Theodora Goss also concentrates on one of the peripheral characters of the Barsoom stories:  Woola, John Carter's faithful calot -- in essence his dog (Burroughs's aliens were often either just humans or animals that had obvious Earth equivalents, but a century ago, that didn't matter).  "Woola's Song" is from Woola's point of view as he recounts his meeting with John Carter and why he became his pet.  But it's more than just a recap: it's part of his song, something that has important ramifications for the calots and John Carter.  I could joke about Lassie and Timmy fallen down a well, but the story is far more serious and quite moving.

John Carter takes center stage again in "The River Gods of Mars," starting out to rescue Dejah Thoris.  It becomes a quest for the cause of a light that streaked down from the sky, and which the Tharks see as a portent of great change, almost with a religious significance.  Carter races to discover the object, which turns out to be what the Tharks thought it was -- though not in the way they expect.  Austin Grossman makes an interesting contrast between the wonders of Barsoom and those of real science and, perhaps, how they might interact.

"The Bronze Man of Mars" is pure adventure well told. The title has nothing to do with Doc Savage, but rather Dan Lee Chee, a descendant of John Carter, whose skin is a shade of bronze, unheard of on Barsoom.  Dan Lee Chee goes off to visit the legendary city of Horz to find the secrets of the long-dead villain and scientist Lum Tar O, as a way to prove his worthiness as a warrior.  The adventures and deathtraps waiting for Dan Lee Chee are cleverly portrayed by L. E. Modesett, Jr., very much in the spirit of Burrough's original. 

In Burrough's novel The Chessmen of Mars, John Carter's daughter Tara is captured by the evil Kaldanes and forced to play a game of Jetan (Barsoomian chess) where humans replace the pieces and are killed when their pieces are taken.  In "A Game of Mars" by Genevieve Valentine, Tara is captured and is forced again by the Kaldanes to play at the same game of Jetan. There are difference, of course, concentrating on the characterizations and especially the relationships between the characters in the original novel.  They are enough to make this far more than just a simple rerun.

I loved the conceit in "A Sidekick of Mars," the story of Lamentation of Worldly Sin Jones, a grizzled young prospector of the old West and John Carter's sidekick in many of his adventures.  Barsoom fans, of course, have never heard of him, since Carter neglected to mention him in his journal, a fact that peeves Jones quite a bit.  The story tells how the two of them met, and Garth Nix has a lot of fun with the concept, especially the character of Jones, who is a Gabby Hayes type with a very jaundiced eye.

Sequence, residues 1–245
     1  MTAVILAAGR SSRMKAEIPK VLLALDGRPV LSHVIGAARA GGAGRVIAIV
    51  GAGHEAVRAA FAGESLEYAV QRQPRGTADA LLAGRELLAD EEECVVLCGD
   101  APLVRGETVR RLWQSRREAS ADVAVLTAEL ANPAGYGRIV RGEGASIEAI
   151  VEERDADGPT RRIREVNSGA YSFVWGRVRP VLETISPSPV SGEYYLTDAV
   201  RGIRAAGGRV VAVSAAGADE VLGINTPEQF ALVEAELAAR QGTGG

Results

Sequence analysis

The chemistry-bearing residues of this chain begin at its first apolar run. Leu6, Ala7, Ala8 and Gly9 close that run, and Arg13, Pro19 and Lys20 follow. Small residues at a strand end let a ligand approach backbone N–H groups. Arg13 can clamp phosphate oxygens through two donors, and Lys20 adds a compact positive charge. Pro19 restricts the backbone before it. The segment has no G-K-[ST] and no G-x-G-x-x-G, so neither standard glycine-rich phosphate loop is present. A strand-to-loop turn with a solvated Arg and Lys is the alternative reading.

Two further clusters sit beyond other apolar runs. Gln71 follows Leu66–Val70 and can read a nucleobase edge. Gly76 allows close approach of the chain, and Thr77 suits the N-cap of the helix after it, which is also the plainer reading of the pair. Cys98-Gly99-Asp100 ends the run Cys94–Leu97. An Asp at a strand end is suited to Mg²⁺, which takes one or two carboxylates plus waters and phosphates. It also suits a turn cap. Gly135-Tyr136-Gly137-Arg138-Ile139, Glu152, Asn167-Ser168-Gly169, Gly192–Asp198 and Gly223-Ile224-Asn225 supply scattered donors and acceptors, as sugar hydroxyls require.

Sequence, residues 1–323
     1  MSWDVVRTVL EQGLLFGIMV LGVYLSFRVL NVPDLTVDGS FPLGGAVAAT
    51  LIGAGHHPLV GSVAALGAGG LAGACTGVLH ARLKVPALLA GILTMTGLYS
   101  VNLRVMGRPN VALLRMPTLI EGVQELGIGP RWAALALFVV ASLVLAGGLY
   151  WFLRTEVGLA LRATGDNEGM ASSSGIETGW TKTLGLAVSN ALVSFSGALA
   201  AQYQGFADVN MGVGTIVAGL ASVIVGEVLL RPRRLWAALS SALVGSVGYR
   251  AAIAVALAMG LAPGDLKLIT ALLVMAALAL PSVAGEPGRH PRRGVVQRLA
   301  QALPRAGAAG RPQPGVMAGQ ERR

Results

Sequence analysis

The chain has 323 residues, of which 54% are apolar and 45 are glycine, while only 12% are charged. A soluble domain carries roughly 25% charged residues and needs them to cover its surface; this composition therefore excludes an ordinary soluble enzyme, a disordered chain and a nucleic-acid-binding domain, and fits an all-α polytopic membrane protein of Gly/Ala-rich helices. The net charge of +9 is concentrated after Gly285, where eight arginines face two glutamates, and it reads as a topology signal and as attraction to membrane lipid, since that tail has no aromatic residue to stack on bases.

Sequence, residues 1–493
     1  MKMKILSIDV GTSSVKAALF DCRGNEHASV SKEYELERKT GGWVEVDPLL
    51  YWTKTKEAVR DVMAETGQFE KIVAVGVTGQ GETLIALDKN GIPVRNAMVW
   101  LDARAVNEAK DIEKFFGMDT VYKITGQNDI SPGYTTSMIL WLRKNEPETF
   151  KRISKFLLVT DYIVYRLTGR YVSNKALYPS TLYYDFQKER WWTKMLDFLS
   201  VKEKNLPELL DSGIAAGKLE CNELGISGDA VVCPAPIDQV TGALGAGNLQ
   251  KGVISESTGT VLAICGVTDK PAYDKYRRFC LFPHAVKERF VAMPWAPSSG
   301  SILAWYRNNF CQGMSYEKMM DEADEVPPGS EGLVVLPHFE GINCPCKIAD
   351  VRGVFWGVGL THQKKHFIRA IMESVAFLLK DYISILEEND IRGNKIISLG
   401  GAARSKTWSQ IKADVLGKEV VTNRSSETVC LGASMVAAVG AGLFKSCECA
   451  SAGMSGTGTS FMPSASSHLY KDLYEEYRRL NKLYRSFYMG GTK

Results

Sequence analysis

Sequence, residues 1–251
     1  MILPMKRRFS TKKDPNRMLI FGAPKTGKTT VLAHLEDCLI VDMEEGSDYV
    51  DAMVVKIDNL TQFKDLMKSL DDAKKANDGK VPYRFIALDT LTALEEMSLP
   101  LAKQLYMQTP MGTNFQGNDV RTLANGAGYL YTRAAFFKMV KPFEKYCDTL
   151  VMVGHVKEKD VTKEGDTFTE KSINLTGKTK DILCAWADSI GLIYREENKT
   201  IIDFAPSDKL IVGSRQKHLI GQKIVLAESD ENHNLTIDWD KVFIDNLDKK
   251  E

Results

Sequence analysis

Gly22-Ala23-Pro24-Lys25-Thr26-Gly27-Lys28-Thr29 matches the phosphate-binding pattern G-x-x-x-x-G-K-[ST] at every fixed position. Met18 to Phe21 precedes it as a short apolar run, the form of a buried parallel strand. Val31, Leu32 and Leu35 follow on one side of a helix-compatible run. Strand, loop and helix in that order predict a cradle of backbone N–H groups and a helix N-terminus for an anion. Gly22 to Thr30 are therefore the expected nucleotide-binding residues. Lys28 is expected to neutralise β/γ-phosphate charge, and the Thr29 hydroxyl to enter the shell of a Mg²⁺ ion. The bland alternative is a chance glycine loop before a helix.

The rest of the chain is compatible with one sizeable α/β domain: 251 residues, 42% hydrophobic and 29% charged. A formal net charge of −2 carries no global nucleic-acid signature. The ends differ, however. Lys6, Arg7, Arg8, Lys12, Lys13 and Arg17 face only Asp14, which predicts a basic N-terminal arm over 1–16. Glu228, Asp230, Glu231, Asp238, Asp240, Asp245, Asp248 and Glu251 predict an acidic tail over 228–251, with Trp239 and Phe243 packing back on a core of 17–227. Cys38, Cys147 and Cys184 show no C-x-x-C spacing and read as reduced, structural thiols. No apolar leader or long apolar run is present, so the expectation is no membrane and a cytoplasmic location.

"The Ghost That Haunts the Superstition Mountains" is an infuriating story -- and not because there's anything wrong with what's written.  It pulls the Old Switcheroo and takes Carter, Dejah Thoris, and Tars Tarkus to Earth, where they become friends with the Apache leader Cochise and soldiers of the U.S. Army.  They discover Martian weapons on Earth, something that should be impossible (travel between the planets is by astral projection, so you can take nothing) and set up an enemy whose very presence threatens Earth.  Chris Claremont does a top-notch job, but when you reach the end, the main conflict isn't close to being resolved.  It's a great start to a novel and it's a good sign that I do want to read the next chapter, but as a short story, it's lacking.

S. M. Sterling tries to connect all of Burroughs’ dots in "The Jasoom Project."  John Carter's great grandson Jalvar Pan goes off in a quest to find the mad scientist Ras Thavas, from The Master Mind of Mars in order to use the genetically engineered bodies he had created as a way for those of Baroom to visit Jasoom (which is Earth).  The first portion of the book is a very good adventure tale about finding Jalvar Pan and rescuing him so they can complete the mission.  But it continues onward to a trip to Earth, which is there mostly to tie together all of Carter's creation into one narrative.  It has the same problem as the Claremont story, in that it doesn't really resolve.  It's not a bad idea, but the story should have either ended once the adventure with Jalvar Pan was completed, or continued onward; the last sections seem very rushed, with the intent to cram references to as much of ERB's work as it can.